“They like me. I work hard and don’t give them any trouble. Now that you have stopped trying to get yourself killed, they won’t bother us, even if they do notice us.”

Just then, the shorter policeman glanced towards the sidewalk on his right, and then he paused. He waved his companion ahead, then withdrew something from his pocket as he crouched low to the ground. —I was far too far away to hear the words he spoke, but I saw the sadness in his gaze. The Kapo then rose and jogged ahead to catch up with his partner. Dawidek and I continued along the street, but only when we drew near where he had stopped did I realize why.

We had been in the ghetto for almost two years. Conditions were bad to begin with, and every new day seemed to bring new trials. I learned to wear blinders—to block out the public pain and suffering of my fellow prisoners. I had walked every block of the ghetto, both the Little Ghetto with its nicer apartments where the elite and artists appeared to live in relative comport, and through the Big Ghetto, where poor families like my own were crammed in, trying to survive at a much higher density. The footbridge on Chłodna Street connected the two and elevated the Ghetto residents above the “Aryan” Poles, and even the Germans, who passed beneath it. The irony of this never failed to amuse me when I crossed. Sometimes, I crossed it just to cheer myself up.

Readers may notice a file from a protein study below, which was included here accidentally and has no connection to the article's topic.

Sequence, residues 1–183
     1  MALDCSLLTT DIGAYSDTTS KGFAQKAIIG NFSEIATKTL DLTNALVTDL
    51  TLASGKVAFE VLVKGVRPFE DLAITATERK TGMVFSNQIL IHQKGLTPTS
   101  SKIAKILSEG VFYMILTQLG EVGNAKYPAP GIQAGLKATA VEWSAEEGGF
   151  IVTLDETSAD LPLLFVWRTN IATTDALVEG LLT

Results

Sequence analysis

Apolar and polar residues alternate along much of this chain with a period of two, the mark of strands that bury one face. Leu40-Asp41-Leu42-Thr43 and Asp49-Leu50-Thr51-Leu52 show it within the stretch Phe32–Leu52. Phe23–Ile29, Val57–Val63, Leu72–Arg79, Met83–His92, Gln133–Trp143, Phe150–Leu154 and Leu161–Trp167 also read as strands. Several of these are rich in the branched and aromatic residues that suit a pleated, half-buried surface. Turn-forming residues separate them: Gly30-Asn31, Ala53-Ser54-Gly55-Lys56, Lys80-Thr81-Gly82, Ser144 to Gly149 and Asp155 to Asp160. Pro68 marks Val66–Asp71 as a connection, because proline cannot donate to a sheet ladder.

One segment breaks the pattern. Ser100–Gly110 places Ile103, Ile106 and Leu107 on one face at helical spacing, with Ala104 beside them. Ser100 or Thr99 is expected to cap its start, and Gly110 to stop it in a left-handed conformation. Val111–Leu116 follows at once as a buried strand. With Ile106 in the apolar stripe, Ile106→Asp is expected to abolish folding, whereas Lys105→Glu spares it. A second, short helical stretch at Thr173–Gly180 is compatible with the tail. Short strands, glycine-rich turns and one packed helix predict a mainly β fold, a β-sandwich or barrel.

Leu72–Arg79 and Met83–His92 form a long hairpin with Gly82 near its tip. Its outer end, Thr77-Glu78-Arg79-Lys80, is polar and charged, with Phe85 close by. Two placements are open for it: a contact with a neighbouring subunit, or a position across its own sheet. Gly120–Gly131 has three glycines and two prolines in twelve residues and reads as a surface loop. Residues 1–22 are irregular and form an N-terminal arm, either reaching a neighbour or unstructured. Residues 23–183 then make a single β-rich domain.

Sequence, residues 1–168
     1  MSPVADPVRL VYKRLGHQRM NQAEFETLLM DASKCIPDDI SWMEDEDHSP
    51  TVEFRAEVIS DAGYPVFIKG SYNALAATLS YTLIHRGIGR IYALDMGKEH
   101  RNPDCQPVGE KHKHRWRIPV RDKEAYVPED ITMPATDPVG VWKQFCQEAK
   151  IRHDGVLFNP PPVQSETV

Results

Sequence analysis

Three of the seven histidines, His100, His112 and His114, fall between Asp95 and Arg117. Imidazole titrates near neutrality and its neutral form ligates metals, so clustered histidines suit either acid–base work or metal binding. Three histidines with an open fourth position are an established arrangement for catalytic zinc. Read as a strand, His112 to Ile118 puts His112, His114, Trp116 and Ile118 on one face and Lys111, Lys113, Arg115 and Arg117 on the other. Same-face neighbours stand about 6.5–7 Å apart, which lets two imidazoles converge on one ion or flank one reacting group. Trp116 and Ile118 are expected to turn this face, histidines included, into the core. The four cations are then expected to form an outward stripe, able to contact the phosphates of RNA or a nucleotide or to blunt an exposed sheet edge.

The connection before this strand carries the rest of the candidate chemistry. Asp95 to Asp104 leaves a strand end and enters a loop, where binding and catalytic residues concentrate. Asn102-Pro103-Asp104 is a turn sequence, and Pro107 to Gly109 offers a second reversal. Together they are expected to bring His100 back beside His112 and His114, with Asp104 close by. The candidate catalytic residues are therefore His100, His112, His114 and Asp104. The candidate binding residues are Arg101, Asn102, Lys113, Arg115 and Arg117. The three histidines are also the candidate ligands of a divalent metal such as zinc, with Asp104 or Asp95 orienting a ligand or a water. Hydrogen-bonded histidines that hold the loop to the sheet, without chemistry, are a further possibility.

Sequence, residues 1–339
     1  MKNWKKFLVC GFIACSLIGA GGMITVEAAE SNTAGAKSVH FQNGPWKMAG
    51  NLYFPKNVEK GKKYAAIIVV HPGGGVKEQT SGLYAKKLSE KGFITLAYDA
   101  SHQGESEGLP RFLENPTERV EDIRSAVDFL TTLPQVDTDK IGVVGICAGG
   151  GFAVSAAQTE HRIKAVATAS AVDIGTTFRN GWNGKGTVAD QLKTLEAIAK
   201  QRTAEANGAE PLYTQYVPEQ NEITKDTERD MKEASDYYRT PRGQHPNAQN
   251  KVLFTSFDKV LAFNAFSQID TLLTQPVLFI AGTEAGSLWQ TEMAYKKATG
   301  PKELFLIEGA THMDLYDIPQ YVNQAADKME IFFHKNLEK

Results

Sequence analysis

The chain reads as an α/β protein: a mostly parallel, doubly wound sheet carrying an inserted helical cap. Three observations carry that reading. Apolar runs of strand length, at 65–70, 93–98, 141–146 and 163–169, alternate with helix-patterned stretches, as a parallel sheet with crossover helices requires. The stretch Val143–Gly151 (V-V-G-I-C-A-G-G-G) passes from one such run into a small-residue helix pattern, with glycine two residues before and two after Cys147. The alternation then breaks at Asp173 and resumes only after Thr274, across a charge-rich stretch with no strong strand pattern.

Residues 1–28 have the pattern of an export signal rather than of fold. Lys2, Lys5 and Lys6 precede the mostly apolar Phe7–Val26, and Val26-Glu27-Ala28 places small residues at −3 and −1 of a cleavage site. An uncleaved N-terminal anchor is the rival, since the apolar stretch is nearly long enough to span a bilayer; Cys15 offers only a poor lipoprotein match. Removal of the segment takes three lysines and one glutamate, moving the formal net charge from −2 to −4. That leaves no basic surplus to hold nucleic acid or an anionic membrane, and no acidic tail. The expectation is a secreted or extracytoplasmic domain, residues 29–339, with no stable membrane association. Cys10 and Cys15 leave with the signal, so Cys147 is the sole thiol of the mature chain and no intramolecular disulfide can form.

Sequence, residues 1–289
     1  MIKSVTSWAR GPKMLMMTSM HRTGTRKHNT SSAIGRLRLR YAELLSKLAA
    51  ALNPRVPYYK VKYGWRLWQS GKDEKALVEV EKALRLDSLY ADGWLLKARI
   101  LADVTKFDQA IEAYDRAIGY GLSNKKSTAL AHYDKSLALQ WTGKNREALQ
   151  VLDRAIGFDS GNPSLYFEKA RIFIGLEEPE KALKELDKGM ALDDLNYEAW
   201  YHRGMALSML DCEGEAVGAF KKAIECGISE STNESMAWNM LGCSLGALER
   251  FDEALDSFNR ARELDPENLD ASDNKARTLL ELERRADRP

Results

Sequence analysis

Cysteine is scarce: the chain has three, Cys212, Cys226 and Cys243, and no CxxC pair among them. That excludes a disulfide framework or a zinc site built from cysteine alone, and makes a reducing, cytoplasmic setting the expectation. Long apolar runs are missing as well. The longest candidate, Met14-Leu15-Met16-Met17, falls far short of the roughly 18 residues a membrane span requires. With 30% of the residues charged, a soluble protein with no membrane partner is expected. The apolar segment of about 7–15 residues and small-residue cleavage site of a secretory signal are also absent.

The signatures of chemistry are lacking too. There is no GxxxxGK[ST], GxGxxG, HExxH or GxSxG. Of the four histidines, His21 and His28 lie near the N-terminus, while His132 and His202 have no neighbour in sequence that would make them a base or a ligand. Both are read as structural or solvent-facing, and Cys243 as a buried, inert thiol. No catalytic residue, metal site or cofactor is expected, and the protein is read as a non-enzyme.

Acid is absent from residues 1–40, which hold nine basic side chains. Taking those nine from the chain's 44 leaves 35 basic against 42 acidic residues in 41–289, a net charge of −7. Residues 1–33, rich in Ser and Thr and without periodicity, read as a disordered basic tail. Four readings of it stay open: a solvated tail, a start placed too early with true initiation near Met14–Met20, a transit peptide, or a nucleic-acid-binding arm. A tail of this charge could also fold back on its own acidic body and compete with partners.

I knew the Ghetto inside and out, and I noticed every detail, even if I had taught myself to ignore what I saw as much as I could. I learned not to react when an elderly man or woman caught my hand as I passed, clawing in the hopes that I could spare them a morsel of food. I learned not to so much as startle if someone was shot in front of my eyes. And most of all, I learned to never look at the face of any unfortunate soul who was prone on the sidewalk. The only way to survive was to remain alert so I had to see it all, but I also had to learn to look right through it. The only way to manage my own broiling fury was to bury it.

But the policeman had drawn my attention to a scene of utter carnage outside of what used to be a clothing store. The store had long ago run out of stock and had been re-purposed as accommodation for several families. The wide front window was now taped over with Hessian sacks for privacy; outside of that window, on the paved sidewalk, a child was lying on her stomach. Alive, but barely.

The Ghetto was teeming with street children. The orphanages were full to bursting which meant that those who weren’t under the care of relatives or kindly strangers were left to their own devices. I saw abandoned children, but I didn’t see them.